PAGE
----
Thunder Wolves does not take itself seriously, and it’s aware of that. This is a testosterone-filled game with a one-dimensional story, supported by single trait, one-dimensional characters. You play as a Thunder Wolves pilot who we only know as Blister. You and your partner Max are known as Wolf One. It’s your job, and the job of your crew, to basically blow everything up. While doing this, there is an objective here if you are willing to pay attention and seek it out. It’s really not about what you are going after, but about what you are destroying to get there.
Thunder Wolves is no graphical achievement by any standard, which would be okay if the game had anything else going for it. I believe the achievement for this game was to make the player feel like an unstoppable badass, which is does, just in a poor manner. There’s so much happening on screen at once that it’s hard to focus on the task at hand. As you try and take out one enemy, you have an impossible amount of bullets and missiles flying straight at your tail, your sides, and any other part of the chopper. The frame rate is consistently unsteady which is something that’s vital to not only a shooter, but a game where everything is moving about here and there. There are moments when it hits 60 frames per second and I think, “This looks nice and smooth,” just to be disappointed a few seconds later to a screen full of diced animations. Not too far into the game you gain the ability to change the filter in which you view the battlefield. I assumed this was supposed to help locate enemies and enemy vehicles, but it just served as a visual nuisance. Not only does Thunder Wolves’ presentation resemble a mobile game, but it’s structured akin to one as well.
Controls are different but are a breeze to become accustomed to. Each mission is setup like any game you would play on your smartphone or tablet. It’s a shallow, simple concept to have in a game on platforms such as console and PC. You do this and that and try to earn three stars. Missions aren’t particularly lovely either. Getting through a mission is simple, you have to shoot at what’s indicated by red arrows and triangles. Once it blows up or dies, do it again to this thing and these soldiers, and let’s not forget enemy equipment in a cave where the enemy could possibly be concealing a nuclear bomb. At first I found the game fun, and who wouldn’t? You have an infinite amount of bullets and rockets and this shoot-’em-all, blow-’em-up title makes you feel nothing short of omnipotent. I never feared death in this game. It’s beyond repetitive, which is something atrocious for a game of its short length. While I admire that the game tries to switch things up for the player by having on-rails shooting sequences and intertwining objectives varying from search-and-destroy to search-and-protect and occasionally escort, it wasn’t enough to justify the similarities of each mission. Speaking of similarities, the helicopters you unlock and control may look different, but control and shoot almost identical to one another.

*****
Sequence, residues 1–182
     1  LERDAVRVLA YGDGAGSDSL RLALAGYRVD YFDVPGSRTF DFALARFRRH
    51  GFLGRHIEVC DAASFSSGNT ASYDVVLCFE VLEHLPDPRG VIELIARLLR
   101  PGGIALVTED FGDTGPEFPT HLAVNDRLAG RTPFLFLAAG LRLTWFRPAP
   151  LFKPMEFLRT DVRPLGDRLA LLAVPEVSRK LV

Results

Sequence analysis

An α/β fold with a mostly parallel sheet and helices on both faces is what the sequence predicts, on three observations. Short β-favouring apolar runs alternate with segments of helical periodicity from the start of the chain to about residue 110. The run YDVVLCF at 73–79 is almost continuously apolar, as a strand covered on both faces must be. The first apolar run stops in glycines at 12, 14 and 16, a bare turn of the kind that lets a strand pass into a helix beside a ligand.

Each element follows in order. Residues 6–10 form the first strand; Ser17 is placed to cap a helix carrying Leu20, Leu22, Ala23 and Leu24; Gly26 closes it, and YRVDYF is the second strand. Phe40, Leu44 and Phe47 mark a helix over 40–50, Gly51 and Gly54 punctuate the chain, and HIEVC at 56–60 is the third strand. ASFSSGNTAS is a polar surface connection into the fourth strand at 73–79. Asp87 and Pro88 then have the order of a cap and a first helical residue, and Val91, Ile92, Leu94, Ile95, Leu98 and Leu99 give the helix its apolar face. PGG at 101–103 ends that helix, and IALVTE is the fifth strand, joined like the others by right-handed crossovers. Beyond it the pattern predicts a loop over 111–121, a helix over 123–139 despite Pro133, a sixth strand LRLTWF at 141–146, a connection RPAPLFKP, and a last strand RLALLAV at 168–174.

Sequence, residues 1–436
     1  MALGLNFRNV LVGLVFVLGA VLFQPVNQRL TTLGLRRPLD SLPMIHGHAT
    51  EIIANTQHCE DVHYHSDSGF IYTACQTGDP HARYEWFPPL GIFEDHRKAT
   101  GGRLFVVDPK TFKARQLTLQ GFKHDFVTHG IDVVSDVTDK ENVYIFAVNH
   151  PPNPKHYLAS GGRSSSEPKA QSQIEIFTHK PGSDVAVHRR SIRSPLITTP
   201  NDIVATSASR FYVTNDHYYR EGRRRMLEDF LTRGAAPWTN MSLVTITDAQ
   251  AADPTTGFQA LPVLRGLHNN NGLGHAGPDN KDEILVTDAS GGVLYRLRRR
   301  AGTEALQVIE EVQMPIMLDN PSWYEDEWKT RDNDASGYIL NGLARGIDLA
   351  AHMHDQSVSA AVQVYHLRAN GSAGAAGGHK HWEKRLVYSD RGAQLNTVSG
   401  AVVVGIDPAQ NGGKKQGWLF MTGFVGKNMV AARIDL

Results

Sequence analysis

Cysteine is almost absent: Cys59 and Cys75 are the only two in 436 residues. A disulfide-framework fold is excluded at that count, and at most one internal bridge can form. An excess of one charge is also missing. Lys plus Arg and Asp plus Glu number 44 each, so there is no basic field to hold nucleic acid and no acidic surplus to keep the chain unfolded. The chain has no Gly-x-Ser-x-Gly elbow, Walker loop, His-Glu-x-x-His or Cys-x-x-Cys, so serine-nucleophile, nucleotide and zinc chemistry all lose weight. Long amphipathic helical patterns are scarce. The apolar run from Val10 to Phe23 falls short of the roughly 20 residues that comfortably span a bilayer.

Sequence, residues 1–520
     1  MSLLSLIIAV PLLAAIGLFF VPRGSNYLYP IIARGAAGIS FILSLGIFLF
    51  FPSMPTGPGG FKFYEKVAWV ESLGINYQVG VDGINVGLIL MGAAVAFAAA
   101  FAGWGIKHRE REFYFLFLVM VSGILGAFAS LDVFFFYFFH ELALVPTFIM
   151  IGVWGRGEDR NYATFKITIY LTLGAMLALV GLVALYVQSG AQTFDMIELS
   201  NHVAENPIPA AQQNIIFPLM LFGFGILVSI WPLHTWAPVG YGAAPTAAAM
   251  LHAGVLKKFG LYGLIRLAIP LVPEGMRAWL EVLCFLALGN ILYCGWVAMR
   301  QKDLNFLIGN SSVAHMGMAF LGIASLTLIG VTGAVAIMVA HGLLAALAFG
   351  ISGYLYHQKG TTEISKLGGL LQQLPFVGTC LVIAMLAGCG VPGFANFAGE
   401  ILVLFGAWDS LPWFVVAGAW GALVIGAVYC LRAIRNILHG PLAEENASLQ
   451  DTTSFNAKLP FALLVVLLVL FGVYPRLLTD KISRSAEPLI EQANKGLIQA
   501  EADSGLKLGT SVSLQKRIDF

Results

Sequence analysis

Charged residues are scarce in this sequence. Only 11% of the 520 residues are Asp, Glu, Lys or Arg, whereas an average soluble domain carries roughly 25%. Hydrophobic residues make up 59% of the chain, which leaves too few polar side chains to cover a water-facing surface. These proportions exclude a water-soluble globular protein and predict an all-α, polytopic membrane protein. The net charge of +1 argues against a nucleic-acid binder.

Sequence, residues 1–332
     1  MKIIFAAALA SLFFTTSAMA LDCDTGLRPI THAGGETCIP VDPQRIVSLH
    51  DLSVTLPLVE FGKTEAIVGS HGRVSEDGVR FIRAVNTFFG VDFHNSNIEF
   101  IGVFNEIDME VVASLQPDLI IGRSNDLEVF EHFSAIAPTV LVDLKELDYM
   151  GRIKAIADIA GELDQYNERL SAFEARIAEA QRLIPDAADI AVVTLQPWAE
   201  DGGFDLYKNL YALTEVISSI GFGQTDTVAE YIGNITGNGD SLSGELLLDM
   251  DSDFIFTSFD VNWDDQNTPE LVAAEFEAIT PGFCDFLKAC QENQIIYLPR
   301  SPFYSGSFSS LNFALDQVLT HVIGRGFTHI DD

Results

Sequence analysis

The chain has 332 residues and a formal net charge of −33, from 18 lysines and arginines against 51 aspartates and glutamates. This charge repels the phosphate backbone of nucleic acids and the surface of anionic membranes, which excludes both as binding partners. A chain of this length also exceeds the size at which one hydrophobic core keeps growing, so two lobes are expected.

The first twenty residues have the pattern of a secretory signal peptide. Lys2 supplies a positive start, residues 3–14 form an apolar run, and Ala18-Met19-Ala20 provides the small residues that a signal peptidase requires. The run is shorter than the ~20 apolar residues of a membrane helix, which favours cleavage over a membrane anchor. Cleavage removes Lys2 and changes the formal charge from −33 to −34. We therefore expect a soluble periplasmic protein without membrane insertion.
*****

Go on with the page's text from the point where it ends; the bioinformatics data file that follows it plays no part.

The game fails in more areas than it succeeds. I understand the tone the developers are going for in Thunder Wolves. I enjoyed the raunchy banter between the characters and the exciting heavy metal music. It feels much like The Expendables if it was a video game, ignoring the fact that there already is one. The story falls into every action movie cliche, and that’s alright. The title just presents no challenge. With an auto-lock system that wants to be more than friends, and the fact that it’s scary how inaccurate you can be with a sniper rifle (a weapon of precision), the experience became a bad joke, kind of like when your partner says, “I’m so frosty I make snow shiver.”
Thunder Wolves was reviewed on the Xbox 360 platform, with a review code provided by the developer. For more information on how Indie Game Insider conducts reviews, check out our review policies.